Manually import the library

Once you get the library, just 3 steps are required before you can use it:

  1. Extract the archive.
  2. Place the library folder in Arduino/libraries/.
  3. Restart the Arduino IDE.

Import the library through the Arduino IDE

This will work only if you have created a .zip archive (not .rar or other extensions).

Simply open the Arduino IDE, click on “Sketch” > “Include Library” > “Add .ZIP Library…”, and browse to find your .zip archive.

Arduino IDE - Add zip Library

The Arduino IDE will extract the archive, place the library in the Arduino/libraries/folder, and update itself so you don’t need to restart it.

Another example: a library for a LED class

The code example I provided above is really small. The purpose was to focus on the library itself and not the code.

Now, let’s use a more real-world example. We’ll use the LED class we created in another tutorial on Arduino OOP. So, this will also be an opportunity for you to work on how to create an Arduino library with classes.

Library folder structure

Documents/
└── Arduino/
    └── libraries/
        ├── examples/
            └── blink_led/
                └── blink_led.ino
        └── Led/
            ├── Led.h
            └── Led.cpp

And the files:

Led.h

#ifndef LED_H
#define LED_H

#include <Arduino.h>

class Led {
  
  private:
    byte pin;
    
  public:
    // Setup pin LED and call init()
    Led(byte pin);

    // Setup the pin led as OUTPUT
    // and power off the LED - default state
    void init();
    
    // Power on the LED
    void on();

    // Power off the LED
    void off();
};

#endif

Here I have put comments on each method of the class. Documenting your code is always a good idea.

Led.cpp

#include "Led.h"

Led::Led(byte pin) {
  this->pin = pin;
  init();
}

void Led::init() {
  pinMode(pin, OUTPUT);
  off();
}

void Led::on() {
  digitalWrite(pin, HIGH);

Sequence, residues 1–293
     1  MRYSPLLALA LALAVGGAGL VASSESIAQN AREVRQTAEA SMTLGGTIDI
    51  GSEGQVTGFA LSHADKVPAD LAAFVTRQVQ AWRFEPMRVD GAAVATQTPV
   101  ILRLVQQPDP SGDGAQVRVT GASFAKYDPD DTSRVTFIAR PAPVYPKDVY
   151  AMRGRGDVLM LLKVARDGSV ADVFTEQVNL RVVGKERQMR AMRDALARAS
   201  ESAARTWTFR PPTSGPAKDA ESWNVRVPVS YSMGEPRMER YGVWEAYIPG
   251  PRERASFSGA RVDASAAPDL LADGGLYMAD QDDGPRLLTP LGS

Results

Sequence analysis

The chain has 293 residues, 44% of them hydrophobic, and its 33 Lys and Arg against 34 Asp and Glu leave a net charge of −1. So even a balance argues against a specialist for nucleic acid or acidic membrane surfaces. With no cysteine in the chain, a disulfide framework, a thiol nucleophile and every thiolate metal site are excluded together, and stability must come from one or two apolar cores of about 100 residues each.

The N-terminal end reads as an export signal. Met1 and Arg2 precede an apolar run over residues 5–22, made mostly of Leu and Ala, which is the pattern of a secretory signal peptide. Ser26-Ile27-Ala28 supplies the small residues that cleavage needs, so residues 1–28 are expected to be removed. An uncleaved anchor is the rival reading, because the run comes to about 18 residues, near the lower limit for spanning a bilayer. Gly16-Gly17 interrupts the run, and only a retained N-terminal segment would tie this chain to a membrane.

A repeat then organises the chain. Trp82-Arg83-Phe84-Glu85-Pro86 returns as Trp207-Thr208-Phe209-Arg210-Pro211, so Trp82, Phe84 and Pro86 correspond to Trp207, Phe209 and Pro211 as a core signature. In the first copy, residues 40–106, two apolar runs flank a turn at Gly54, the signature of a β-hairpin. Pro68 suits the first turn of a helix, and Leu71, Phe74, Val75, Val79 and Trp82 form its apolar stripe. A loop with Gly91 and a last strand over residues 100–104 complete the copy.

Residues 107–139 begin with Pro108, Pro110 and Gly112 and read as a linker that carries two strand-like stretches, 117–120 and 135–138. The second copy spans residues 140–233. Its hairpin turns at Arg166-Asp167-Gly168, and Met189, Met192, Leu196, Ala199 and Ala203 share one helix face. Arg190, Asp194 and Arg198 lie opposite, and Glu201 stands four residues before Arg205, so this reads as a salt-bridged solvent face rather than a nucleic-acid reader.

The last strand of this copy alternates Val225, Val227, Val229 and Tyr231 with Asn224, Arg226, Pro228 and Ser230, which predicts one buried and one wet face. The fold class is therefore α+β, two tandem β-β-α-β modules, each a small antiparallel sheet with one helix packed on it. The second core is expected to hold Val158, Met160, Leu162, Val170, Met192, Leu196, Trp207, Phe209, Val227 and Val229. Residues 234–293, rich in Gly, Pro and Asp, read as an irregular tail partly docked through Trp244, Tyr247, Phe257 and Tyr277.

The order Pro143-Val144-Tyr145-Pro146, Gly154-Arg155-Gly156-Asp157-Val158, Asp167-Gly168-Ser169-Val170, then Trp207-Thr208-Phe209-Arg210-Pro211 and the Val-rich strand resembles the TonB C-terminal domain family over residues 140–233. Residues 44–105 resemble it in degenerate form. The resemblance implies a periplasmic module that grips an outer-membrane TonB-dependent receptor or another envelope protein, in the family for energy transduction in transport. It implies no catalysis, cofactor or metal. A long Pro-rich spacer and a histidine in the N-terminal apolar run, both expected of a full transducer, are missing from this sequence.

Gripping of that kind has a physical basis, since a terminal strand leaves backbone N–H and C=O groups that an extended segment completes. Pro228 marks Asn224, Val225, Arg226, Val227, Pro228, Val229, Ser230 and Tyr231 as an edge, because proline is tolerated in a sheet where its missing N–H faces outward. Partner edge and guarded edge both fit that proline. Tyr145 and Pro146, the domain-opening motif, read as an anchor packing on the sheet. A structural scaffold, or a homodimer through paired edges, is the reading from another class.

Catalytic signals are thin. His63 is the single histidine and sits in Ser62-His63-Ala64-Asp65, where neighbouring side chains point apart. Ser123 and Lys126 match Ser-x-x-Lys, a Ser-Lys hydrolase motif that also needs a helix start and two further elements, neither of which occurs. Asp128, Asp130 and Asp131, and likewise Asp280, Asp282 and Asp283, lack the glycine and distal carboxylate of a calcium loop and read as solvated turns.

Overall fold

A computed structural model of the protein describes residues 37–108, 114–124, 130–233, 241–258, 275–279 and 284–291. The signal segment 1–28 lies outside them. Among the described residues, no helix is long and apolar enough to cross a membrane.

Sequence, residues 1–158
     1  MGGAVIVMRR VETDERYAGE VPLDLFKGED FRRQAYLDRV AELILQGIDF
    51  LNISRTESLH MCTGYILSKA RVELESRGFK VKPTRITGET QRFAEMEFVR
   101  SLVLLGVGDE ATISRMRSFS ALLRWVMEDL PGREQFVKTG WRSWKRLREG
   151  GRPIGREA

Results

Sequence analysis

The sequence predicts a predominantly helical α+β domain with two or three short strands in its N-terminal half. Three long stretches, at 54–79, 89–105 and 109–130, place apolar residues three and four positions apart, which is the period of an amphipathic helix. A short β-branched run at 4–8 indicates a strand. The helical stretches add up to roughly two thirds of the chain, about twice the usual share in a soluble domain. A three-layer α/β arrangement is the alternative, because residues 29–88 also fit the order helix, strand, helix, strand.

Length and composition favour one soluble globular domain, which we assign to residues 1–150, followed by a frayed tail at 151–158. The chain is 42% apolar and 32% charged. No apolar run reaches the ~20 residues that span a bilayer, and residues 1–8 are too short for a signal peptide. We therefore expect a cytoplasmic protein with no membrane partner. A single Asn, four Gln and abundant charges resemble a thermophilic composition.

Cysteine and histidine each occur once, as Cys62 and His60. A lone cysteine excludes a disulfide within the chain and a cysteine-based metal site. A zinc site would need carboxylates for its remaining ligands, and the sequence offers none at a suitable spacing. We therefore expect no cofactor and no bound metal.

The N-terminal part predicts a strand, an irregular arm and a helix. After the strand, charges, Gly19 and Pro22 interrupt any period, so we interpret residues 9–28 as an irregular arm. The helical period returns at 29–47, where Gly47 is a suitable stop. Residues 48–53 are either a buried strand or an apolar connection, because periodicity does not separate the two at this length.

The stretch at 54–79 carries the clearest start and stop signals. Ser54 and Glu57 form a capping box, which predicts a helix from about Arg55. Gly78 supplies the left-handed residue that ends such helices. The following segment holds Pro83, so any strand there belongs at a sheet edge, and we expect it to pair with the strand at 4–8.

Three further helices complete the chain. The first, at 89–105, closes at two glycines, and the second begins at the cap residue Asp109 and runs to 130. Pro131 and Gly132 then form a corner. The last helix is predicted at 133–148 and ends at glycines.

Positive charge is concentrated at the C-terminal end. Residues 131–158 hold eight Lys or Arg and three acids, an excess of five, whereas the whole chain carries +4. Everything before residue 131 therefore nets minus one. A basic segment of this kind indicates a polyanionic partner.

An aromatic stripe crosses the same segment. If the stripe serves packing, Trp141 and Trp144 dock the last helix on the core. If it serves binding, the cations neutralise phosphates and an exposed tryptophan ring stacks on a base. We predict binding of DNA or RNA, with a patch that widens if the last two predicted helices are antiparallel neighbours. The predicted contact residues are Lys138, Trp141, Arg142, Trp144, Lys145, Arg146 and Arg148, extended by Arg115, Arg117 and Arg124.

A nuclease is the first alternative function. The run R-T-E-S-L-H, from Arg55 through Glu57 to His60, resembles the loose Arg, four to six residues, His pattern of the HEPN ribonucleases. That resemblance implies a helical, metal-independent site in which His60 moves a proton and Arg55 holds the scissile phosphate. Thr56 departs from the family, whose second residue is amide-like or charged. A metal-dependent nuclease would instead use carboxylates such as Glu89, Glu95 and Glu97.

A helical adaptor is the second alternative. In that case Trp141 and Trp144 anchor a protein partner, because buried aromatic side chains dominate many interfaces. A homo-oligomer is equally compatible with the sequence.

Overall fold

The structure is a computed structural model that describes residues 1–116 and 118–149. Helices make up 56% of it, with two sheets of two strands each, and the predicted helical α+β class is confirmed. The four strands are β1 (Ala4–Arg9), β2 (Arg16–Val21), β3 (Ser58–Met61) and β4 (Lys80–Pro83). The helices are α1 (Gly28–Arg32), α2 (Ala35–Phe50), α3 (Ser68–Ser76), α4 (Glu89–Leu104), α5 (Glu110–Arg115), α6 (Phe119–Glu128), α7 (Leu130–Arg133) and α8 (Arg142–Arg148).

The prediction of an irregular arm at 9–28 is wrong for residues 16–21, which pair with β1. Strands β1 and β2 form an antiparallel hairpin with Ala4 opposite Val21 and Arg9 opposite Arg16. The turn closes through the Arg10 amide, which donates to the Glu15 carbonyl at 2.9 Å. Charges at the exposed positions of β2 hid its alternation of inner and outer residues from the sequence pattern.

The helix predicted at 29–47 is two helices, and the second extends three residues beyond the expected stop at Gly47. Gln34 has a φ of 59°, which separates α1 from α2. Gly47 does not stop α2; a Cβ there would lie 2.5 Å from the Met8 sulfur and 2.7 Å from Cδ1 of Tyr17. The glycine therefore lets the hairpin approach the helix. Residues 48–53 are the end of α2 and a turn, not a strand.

}

void Led::off() {
  digitalWrite(pin, LOW);
}

Example file blink_led.ino

/*
 * 
 * This examples shows how to blink a LED
 * using the Led class from the Led library
 * 
 */

#include <Led.h>

// Use the built-in LED
#define LED_PIN 13

// Create a Led object
// This will set the pin to OUTPUT
Led led(LED_PIN);

void setup() { }

void loop() {
    // Power on the LED
    led.on();
    delay(1000);
    // Power off the LED
    led.off();
    delay(1000);
}

After writing those files and setting up the Led library folder, you can now restart your Arduino IDE and test the blink_led.ino example.

Going further with your Arduino library

In this tutorial you have seen how to create your own Arduino library, how to add examples to it, how to package it, and how to export it.

Here is what you can do next:

  • Add a license to your library. I won’t tell you which license to use here because it depends on what you want to do. Some common open source licenses: MIT, BSD, Apache, GPL, … Adding a license means that you’ll add a comment header to every files in your library, stating the license agreements.
  • Host your code on GitHub if you’re going open source. This might be a good idea to share your code, so you can get feedback from other developers and improve your library, as well as increasing the awareness around it.
  • Communicate about your library: on the Arduino forum, on your own website, etc.
  • Add more documentation and more examples. The clearer your library, the easier it will be for new users to use it efficiently and keep it in their code.

Note: before creating your own library – unless you do it for an educational purpose, first check if someone else has already published a library that meets your needs. If yes, you’ll have to check the license to see if you can use it. It’s important not to reinvent the wheel for everything you create. This way you’ll progress faster on your projects!